An Interview with rhêtorík: “People Love to be Surprised" - DJBooth

“People Love to be Surprised”: An Interview with rhêtorík

“I want people to listen to this and go, ‘Okay, he’s an artist.’”
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rhêtorík makes himself known—as an artist, a DJ, a vlogger, and most importantly, as a man seeking balance and his true self.

In 2012, as he tells me over the phone, rhêtorík “quit an internship and just moved to New York on a whim to do a free internship with The FADER.” By the end of that summer, with only a suitcase and a backpack to his name, he was splitting his time sleeping on the J train and at the local McDonald’s. In the year since then, he has never spent more than 10 days in a single city, all in the name of breaking into music and pursuing his passions.

Needless to say, the Portsmouth, Virginia-born, New York-based artist has lived a winding and knotty life, enough lives for 27 men packed into his 27 years. “Some days I wake up and I feel 16, other days I wake up and I feel 68,” he says in jest. His foray into music began more innocently, after a “mafia-level scheme” to erase his MySpace account led to a summer-long grounding with only a guitar to pass the time.

Guitar carried rhêtorík through high school when, during his senior year, he discovered the scope and creativity behind DJing. “I remember watching a video on YouTube with my now-homie Skratch Bastid and he turned this instrumental into the 'Imperial Death March' from Star Wars,” he recalls. The next logical move was to pool all of his money, buy all the DJ gear he could afford at the time, and throw himself into the learning process.

“In college, I became the DJ kid,” rhêtorík explains. “I always wanted to come back to making music [and] DJing was a means to an end.” The end, of course, being songwriting. While rhêtorík admires the craft of DJing, his true passion is writing and storytelling, isolating himself and confronting the depth of his emotions, then laying it all out on wax with his own voice as the lead.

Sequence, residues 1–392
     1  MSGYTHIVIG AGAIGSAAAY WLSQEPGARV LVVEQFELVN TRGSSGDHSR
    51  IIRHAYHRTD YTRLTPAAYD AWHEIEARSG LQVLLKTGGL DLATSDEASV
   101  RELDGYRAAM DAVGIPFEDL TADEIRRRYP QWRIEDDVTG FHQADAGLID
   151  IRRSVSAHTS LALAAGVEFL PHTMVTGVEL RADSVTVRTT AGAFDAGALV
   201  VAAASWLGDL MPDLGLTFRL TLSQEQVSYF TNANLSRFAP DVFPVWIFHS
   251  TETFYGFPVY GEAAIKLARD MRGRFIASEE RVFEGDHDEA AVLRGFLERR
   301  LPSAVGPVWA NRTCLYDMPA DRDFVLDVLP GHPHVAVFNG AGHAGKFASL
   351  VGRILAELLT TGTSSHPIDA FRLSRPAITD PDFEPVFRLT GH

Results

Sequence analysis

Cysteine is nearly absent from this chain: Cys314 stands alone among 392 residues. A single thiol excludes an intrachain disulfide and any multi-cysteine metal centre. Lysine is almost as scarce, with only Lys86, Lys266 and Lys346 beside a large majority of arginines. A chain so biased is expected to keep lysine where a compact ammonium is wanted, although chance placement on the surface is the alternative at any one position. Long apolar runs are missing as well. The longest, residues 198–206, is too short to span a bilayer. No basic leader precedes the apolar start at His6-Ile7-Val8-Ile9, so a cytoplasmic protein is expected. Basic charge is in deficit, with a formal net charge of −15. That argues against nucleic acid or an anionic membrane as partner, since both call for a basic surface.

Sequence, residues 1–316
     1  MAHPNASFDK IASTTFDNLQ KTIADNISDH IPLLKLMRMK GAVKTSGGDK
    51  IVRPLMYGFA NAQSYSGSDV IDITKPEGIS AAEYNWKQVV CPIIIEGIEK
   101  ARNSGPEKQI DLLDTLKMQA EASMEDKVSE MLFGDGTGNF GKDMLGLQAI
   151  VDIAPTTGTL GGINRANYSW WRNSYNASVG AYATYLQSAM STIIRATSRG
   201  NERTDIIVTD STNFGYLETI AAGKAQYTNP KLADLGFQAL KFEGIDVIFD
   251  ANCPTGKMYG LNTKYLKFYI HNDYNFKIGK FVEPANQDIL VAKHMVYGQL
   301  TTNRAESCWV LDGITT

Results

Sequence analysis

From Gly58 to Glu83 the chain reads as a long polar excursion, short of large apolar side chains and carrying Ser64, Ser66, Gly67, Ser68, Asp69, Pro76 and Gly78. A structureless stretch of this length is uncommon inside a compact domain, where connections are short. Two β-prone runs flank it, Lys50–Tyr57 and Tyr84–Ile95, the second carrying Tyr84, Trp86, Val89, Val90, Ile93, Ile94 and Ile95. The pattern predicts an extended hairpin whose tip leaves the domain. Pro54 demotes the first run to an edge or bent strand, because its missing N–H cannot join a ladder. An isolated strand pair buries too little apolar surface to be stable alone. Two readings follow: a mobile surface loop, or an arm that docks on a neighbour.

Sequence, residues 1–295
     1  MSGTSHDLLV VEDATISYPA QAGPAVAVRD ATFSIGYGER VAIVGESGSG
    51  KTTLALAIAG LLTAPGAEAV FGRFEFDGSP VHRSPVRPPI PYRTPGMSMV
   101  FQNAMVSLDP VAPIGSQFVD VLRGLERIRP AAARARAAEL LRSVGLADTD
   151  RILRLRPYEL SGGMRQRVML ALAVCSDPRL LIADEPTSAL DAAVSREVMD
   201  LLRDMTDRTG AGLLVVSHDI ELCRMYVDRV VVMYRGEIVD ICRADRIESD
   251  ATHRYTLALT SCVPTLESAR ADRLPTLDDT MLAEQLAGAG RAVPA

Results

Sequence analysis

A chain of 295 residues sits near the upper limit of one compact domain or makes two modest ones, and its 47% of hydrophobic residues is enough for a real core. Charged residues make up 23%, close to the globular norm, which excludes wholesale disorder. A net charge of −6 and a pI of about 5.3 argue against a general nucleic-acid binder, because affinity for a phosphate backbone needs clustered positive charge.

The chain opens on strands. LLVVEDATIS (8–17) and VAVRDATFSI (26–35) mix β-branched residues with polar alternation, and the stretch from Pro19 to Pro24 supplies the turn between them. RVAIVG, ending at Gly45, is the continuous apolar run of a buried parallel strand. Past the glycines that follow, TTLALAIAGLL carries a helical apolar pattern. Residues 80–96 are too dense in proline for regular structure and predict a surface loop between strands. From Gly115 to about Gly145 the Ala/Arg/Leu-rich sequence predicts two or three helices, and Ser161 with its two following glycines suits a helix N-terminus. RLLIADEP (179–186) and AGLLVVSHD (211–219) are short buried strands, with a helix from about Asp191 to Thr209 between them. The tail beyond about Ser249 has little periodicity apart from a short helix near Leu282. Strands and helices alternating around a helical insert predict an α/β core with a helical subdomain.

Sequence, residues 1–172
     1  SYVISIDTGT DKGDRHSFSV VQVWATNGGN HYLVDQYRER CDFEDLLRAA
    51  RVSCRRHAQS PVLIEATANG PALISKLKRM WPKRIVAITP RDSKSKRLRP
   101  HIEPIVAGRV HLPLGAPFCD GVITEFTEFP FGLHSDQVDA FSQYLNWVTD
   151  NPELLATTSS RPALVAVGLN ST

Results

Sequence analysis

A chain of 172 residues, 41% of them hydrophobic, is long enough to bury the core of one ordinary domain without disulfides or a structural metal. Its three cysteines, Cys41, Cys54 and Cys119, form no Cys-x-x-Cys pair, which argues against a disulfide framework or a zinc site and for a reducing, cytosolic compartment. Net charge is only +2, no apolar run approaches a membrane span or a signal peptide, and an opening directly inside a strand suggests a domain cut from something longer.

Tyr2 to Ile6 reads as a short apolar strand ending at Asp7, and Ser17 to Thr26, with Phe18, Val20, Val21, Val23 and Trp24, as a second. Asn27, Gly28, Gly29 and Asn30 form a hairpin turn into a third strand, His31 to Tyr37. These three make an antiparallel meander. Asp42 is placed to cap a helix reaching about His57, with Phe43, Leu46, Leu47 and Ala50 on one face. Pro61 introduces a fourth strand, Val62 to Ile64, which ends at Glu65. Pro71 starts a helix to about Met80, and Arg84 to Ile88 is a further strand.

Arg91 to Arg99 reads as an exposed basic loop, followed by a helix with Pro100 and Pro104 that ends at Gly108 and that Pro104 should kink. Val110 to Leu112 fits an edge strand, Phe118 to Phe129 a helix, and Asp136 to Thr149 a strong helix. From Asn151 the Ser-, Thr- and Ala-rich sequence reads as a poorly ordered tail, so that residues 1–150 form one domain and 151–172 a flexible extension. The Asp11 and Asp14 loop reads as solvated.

As for being referred to as Logic’s DJ and not by his name, rhêtorík takes the label in stride. “It’s an opportunity to prove something,” he tells me. “My gut reaction is, if that’s all they know me as then I have work to do.” With the recent release of two evocative solo singles, “Shelter” and “Caged Up,” rhêtorík is well on his way to proving himself as a true artist.

DJBooth’s full interview with rhêtorík, lightly edited for content and clarity, follows below.

DJBooth: When did you first fall in love with making music?

rhêtorík: Probably around 12 years old. We had this painter come over, and I had gotten a guitar for Christmas, but it wasn’t until he came over and picked it up and played “Over the Hills and Far Away” from Led Zeppelin that I was like, “Wait, people actually play this? And play this well? I wanna do this.” That’s when I went after it. 

After eighth grade, I got grounded the whole summer for having a MySpace. Well, not just for having the Myspace. I also had a mafia-level scheme of calling my friends like, “Delete all my stuff, here’s my email, delete all my history.” My parents found out and grounded me. The only thing I had was my guitar.

At what point did you turn to DJing?

That was actually my senior year of high school. I was on the play-baseball-and-go-to-college trajectory, and then I pulled a U-turn on everybody and quit. I remember watching a video on YouTube with my now-homie Skratch Bastid and he turned this instrumental into the "Imperial Death March" from Star Wars.

Number one: I had no clue what DJs even did and that it went to that extent. I was like, “I want stuff right now!” So I asked my parents for DJ equipment for Christmas, they said, “No,” so I spent all my money on it. That was the first time where I was like, “Okay, this was either a very good lesson in financial responsibility, or it’s gonna turn out well.” At college, I became the DJ kid. I always wanted to come back to making music, [and] DJing was a means to an end.